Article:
When We Reopen:
Who Cares About the Past?
Curated by Marie Hoffmann with Dr. Rhonda Bathurst
Archaeology is happening all around us, every day. Before a highway, pipeline, or even a new house is constructed in Ontario, archaeologists make sure that our material cultural heritage is recorded and protected. Let’s learn a little more about how and why archaeology is done in our province and why it matters.
Online Exhibit: The Story of Ste. Marie II
Curated with funding by Virtual Museums Canada
The islands and coastline of Georgian Bay are among the most beautiful places in the Great Lakes. And throughout the past 12,000 years of human history stories of famine, war, and friendship unfolded.
The tragic tale of Ste. Marie II, details how a village with just one year of occupation illuminates the early history of Indigenous populations and their interactions with the French, English, and Dutch visitors to North America.
The Indigenous populations of this region, including the Wendat, Haudenosaunee and Anishinaabeg, survived four long centuries of colonial domination and attempted assimilation. To this day, archaeological research continues to play an important role in efforts by First Nations to assert their rights and interests for both ancestral and contemporary territories.
This is the story of the last months of the Wendat and some of their Indigenous allies, along with the Jesuits, on Christian Island. The legacy of Ste Marie II rests with the oral histories of the Wendat and both the documentary and archaeological records of the settlements on this beautiful landscape.
Contested Histories: An Interactive Tour
Curated by Alyssa Logie
The relationship between archaeology and Indigenous communities has evolved immensely over time in both positive and negative ways. “Contested Histories” is an interactive tour that explores these changing relationships while touring around the MOA gallery space. This tour provides a critical perspective on the interactions between archaeology, Indigenous communities and museums.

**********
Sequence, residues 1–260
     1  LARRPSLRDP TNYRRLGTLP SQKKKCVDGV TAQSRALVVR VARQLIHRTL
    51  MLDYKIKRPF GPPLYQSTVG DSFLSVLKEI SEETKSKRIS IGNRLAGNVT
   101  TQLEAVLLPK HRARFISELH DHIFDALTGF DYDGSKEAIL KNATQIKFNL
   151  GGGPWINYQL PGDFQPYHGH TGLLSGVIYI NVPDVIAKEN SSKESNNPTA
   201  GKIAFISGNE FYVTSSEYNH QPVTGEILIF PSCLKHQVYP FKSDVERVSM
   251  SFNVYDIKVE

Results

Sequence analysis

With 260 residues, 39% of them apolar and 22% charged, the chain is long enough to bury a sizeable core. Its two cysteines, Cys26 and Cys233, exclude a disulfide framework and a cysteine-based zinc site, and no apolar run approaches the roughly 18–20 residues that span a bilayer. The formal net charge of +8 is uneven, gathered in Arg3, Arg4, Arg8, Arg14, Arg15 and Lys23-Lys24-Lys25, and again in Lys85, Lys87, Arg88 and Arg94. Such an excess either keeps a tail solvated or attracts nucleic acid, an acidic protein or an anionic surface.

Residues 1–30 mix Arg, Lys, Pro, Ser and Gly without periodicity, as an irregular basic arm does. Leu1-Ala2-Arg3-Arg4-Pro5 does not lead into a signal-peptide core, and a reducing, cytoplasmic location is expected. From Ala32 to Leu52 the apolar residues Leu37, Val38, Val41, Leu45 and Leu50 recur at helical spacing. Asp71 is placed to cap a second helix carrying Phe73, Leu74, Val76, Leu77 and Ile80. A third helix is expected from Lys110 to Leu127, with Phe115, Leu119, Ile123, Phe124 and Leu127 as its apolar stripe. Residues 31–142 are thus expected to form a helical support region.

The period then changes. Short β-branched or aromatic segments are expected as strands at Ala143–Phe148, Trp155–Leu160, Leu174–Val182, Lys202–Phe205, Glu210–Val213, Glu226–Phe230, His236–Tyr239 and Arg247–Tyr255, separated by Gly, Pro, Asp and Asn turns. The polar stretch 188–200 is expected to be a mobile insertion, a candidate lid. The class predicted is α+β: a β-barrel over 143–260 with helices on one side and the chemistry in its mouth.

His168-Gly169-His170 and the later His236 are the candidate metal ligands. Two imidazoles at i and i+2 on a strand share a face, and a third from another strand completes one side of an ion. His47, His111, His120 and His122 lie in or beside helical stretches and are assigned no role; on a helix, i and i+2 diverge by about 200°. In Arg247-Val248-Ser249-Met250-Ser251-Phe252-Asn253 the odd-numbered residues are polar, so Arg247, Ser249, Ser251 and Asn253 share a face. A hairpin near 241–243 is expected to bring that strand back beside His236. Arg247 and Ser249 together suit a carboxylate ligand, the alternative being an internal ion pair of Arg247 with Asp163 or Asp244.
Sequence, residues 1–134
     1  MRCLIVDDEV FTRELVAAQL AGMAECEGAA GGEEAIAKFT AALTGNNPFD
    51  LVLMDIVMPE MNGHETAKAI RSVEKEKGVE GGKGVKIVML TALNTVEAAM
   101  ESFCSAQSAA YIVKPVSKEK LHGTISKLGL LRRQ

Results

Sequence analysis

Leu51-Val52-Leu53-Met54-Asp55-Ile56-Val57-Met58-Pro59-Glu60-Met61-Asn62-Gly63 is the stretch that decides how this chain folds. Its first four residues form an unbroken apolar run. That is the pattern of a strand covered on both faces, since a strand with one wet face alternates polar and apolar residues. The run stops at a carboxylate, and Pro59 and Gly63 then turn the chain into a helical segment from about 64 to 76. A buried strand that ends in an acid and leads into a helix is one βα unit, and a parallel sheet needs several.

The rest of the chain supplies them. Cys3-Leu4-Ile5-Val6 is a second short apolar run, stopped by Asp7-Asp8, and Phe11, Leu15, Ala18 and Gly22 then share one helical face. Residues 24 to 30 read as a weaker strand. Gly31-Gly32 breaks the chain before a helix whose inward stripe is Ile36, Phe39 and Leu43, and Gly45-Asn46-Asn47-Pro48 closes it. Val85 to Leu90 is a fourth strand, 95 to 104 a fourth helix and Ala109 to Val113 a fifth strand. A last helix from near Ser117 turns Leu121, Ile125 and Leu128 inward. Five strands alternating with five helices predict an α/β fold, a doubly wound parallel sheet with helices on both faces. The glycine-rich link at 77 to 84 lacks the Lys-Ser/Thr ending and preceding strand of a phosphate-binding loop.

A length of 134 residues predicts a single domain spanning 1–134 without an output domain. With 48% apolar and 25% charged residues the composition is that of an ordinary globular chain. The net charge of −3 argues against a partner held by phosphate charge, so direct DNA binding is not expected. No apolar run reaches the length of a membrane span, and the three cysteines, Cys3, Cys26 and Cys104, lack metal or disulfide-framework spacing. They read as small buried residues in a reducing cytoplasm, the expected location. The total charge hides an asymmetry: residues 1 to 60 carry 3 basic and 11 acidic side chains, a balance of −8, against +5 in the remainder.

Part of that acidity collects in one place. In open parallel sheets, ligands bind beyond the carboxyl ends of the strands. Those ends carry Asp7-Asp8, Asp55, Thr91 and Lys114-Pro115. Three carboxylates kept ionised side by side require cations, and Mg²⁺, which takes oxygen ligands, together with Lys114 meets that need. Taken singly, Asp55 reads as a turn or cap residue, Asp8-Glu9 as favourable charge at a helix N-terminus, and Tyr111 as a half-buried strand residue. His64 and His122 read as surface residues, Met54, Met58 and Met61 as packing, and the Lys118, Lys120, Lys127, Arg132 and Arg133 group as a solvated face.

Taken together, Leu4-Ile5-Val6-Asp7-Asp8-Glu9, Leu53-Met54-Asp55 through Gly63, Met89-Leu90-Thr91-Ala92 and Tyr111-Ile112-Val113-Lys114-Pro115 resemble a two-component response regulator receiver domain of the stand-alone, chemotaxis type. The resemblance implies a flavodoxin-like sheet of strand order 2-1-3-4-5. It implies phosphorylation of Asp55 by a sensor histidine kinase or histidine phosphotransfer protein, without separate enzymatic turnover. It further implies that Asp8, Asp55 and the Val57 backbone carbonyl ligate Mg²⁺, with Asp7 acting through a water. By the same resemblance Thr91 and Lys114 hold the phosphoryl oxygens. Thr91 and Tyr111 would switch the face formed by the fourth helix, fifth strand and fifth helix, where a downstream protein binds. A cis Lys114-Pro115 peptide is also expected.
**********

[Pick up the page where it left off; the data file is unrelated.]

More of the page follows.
[…] 1. Bike through London for a more intimate look at the city. 2. Survey local artists’ perspective through the city’s Public Art initiative. 3. Take in the latest Museum London exhibit. 4. Tour Eldon House, London’s oldest residence, which has remained nearly untouched for over a century and houses the Harris Family’s heirlooms and treasures as well as a verdant 19th-century style garden. 5. Rent ice skates and show off your moves at Victoria Park. 6. Follow the enchanting Storybook Gardens outdoor skating trail in the wintertime. 7. Become a master chef at Jill’s Table. 8. Ski, snowboard, tube, or mountain bike down Boler Mountain. 9. Take on a rock wall. 10. Relax and explore the world from inside the London Public Library. 11. Learn to dance. 12. Play pick-up hockey on Sunday night. Ages 25 and up. 13. Enjoy a musical performance from a new genre. 14. Marvel at milestones in medical history at the Exhibit Hall in the Canadian Medical Hall of Fame. 15. Join the party for Rock the Park Music Festival. 16. Learn about bees and then spend the afternoon playing outside. 17. Taste artisan coffee, inhale the aroma of freshly baked goods, and sample cuisine from a different ethnicity or two at the Western Fair Farmers and Artisans Market. 18. Tour and play at the Canadian Baseball Hall of Fame. 19. Learn about ceramic art at Canada’s largest contemporary ceramic gallery. 20. Follow the Tree Trunk Tour downtown. 21. Camp with a view of a beautiful ravine. 22. Yell for your driver above the other stock car racing fans at Delaware Speedway. 23. Visit a brewery for beer tasting and an homage to the Forest City’s heritage. 24. Peruse the vendors at a juried craft show and watch craft demonstrations at the Home County Music & Art Festival this summer. 25. Cheer on the London Knights junior ice hockey team. 26. Gaze in reverent silence at the stained glass and architecture of Saint Peter’s Basilica. 27. Explore Fanshawe Trails for a hike or mountain bike excursion. 28. Journey through time via today’s exhibit at the Museum of Ontario Archaeology. […]